U.S. has money to spendChristian Fernsby ▼ | October 23, 2020
For some unknown reason, the most pronounced ascent by the U.S. money supply in possibly 70 years has received little mention.
Money to spend U.S. consumers
Aided by the Federal Reserve’s extraordinary support and as a defensive reaction to the extraordinary risks stemming from coronavirus, U.S.
nonfinancial corporations increased their holdings of the aforementioned highly liquid financial assets by $1.167 trillion from a year earlier to a record-high $3.165 trillion during 2020’s tumultuous second quarter.
That yearly increase is without precedent.
However, even after excluding the U.S. deposits and money market funds held by nonfinancial companies, second-quarter 2020’s 23.2% yearly increase by the M2 monetary aggregate slows to a still very rapid 17.8%, where the latter is still the fastest yearly advance by the metric since the available record begins in 1981.
The previous record high rate of growth for this narrower version of M2 was the 12.6% of 1983’s first quarter.
As of 2020’s third quarter, M2’s yearly increase edged up to 23.6%.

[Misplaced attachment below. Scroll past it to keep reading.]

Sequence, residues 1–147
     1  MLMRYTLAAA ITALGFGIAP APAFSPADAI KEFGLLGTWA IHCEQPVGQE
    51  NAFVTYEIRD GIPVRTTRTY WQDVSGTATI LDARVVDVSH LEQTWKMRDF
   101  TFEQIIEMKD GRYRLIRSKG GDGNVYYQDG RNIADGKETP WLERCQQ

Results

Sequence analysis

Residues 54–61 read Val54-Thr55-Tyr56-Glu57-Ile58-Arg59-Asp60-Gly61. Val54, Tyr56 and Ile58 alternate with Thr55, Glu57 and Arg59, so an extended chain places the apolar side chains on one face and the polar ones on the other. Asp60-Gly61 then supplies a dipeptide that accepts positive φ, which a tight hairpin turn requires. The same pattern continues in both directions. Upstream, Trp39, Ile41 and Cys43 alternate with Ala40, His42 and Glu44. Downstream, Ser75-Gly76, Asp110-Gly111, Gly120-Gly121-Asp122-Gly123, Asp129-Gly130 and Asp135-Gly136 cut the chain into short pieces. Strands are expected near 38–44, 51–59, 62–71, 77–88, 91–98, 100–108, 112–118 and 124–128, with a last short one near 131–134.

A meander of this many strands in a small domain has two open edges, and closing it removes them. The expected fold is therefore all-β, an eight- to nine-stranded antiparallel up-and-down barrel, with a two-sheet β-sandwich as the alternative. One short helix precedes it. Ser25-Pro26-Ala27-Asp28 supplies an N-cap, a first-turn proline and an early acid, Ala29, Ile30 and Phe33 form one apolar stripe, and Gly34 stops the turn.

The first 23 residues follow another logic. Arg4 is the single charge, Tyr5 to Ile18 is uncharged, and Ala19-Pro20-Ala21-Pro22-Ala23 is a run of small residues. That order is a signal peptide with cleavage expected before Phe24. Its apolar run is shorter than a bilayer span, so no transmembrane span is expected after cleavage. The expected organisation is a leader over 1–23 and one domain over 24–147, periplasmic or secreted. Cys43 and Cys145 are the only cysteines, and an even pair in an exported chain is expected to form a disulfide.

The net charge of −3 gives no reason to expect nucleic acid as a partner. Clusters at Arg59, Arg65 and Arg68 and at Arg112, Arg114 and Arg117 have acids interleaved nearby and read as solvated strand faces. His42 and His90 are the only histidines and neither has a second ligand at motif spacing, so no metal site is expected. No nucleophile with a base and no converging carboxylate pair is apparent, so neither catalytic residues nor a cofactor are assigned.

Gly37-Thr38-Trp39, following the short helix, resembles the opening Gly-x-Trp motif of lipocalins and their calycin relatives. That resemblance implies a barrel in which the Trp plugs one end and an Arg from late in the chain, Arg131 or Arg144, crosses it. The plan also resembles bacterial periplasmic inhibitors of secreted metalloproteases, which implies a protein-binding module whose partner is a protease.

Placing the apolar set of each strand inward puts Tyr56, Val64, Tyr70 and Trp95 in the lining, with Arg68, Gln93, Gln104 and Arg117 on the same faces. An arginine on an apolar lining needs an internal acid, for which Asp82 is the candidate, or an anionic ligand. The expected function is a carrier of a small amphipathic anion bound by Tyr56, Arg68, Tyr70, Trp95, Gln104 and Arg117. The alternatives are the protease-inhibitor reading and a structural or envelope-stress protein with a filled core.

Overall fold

In turn, M2 probably approximates 89% of GDP.
The latter is well above what might be considered normal.
As inferred from a trend line beginning with 2010’s final quarter and ending in 2019’s final quarter, third quarter 2020’s ratio of M2 to GDP might have instead approximated 73% absent coronavirus.
The difference between the two ratios suggests that at least roughly $3 trillion of M2 is above what businesses and households might want to hold under normal conditions.
Once coronavirus risks recede, excess cash balances will fund purchases of goods, services, and assets both real and financial.
In addition, some unwanted cash will finance the paydown of outstanding debt. ■